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ACT

By Steven C. Hayes, PhD

Part six of a six-part series on ACT processes

A normal problem-solving mode of mind draws clients into the idea that where they are isn’t desirable and they need to be somewhere else. Jobs need to be changed, relationships fixed. More often than not, therapists go along, but this view directs attention toward getting, not the dynamics of doing.

By Steven C. Hayes, PhD

Part five of a six-part series on ACT processes

If all living creatures in the universe were gone, there would be nothing left of importance. Pollution? Without life, it would not exist as a “problem.” The river does not care. Death? Were the sun to die away, the rock would stand unconcerned.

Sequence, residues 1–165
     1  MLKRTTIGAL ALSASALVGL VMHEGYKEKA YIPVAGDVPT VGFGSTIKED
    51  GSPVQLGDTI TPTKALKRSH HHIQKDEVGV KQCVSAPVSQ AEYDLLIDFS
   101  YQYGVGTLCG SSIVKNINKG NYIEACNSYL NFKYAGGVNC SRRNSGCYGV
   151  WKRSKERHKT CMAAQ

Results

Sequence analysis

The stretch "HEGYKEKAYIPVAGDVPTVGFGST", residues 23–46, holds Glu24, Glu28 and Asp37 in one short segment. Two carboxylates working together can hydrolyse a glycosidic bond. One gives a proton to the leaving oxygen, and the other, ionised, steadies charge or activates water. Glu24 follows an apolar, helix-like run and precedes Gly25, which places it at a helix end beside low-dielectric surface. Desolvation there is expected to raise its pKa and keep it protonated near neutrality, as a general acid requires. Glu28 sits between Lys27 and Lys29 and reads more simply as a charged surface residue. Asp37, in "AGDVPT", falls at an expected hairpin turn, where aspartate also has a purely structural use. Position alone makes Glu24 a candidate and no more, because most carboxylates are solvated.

By Steven C. Hayes, PhD

Part four of a six-part series on ACT processes

We are not who we say we are—snippets and flickers woven into a shredded blanket of “me” that we defend at all costs. The story of who we are (“I am ___(insert content and evaluations here)” is just that: a story.

Part one of a six-part series on ACT processes

By Steven C. Hayes, PhD

Part three of a six-part series on ACT processes

By Steven C. Hayes, PhD

Robyn D. Walser, PhD, author of The Heart of ACT

Letting Go: Opening to Change

By Judith Belmont, MS, LPC

One of the cornerstones of acceptance and commitment therapy (ACT) is to help clients distance themselves from their disturbing thoughts through the process of cognitive defusion.

An example of cognitive defusion is replacing a thought, such as “I am an idiot,” with the thought of “There I go again—having the thought that I am an idiot.”

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